I realized that if I start by selecting ECC memory in Pcpartpicker everything changes, and the motherboard I thought about isn’t compatible either. It would be great if @jlpell or @neo or somebody else with some understanding of these things could propose a build for me on Pcpartpicker. I’m in no great hurry. I’m just reading and trying to learn stuff before I put a couple thousand of Euros on my next machine. Only do it if you think it’s a bit of fun, though. No pressure.
I personally see no need for ECC ram. It is wholly unnecessary for any consumer, and will slow down your system by a percent or two.
I also disagree that you need a 700w PSU. I’d save some $$$ and get a 500w. Your system, as currently configured, will not come close to even 500w.
Your mobo is also extremely pricey, and I’m curious what benefit this is getting you that you want.
I would personally get 2x 1TB SSDs and RAID 0 them, but that will lower your reliability some. Still, SSDs are extremely reliable, so it’s unlikely you would have issues. You could also always get a 2TB NAS quality HDD and run weekly backups to it to maintain reliability, or if you have gigabit internet, you could probably just do differential or incremental cloud backups.
As to your case, given your habits of smoking, etc., I would definitely not get a test bench case. I would also strongly recommend against a fanless case with a performance GPU. You can get “silent” cases that are in the 20-30dB range, which would be extremely quiet. You can also get filters for some of them so you aren’t getting smoke in your system.
You will probably want to get an aftermarket silent fan and replace your GPU fan with it if that is something you are comfortable with if the most quiet system possible is your goal.
Somebody more knowledgeable will have to answer that. Suffice it to say that I’m not primarily trying to save money, and certainly not on old tech HDD’s with moving parts. I have a few 2.5" SSD’s lying around. What I’m after is pretty much laid out above.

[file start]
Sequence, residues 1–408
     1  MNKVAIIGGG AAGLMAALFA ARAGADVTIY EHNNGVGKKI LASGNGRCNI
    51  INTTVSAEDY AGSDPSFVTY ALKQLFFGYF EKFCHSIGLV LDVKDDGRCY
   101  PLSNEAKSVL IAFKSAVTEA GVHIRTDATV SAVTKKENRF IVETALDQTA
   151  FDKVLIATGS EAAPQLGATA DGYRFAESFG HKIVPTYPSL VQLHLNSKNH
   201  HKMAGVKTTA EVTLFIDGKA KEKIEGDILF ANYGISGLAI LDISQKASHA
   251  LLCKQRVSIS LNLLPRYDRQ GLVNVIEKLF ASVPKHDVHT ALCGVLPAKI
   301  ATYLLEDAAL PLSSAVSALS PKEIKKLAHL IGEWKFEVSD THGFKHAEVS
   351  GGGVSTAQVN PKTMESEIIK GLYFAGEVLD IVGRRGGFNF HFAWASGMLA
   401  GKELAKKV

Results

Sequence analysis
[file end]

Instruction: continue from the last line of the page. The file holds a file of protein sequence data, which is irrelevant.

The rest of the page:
Be it a boat, a gun or a PC, I don’t buy cheap stuff. I’m not really your typical “consumer”, and I seldom replace the stuff I have. I try to get quality and stick with it for many years. I’m considering a NAS, but I think that’s a different project.
I mean, sure, I’m all for buying quality stuff, but there is a difference between buying quality and wasting money. You could easily cut $200 off your build, still have quality parts, and put that money into a Ryzen 9 5900X, which would give a big boost to your system as a whole.
You seem to be equating expensive with quality. I don’t think they are equivalent, especially when it comes to your mobo.
It’s essentially equivalent to yours, pricewise, give or take a few euros. It has a bunch of fans, but they are 8dB, so, more or less silent.
Performance wise, this has the next step up in CPU, offering 12 cores, which would add a lot to a system running Qubes. It also has the next step up in RAM, DDR4-4000, which would add a slight improvement. The RAM would likely be unnoticeable in the real world, so you could save some money by just leaving it at the 3600.
If you were looking for the next real step up, upgrading to the Samsung 980 Pro would be a noticeable change for a pretty high premium.
Looks like a lot of your list, maybe all of it is available for configuration. Although you probable have to insist on the Fujitsu mainboard, seems to be missing in the final options. In my case they did honor it. Then again, kept ordering a new machine from them at least 5 times for I don’t remember how many years.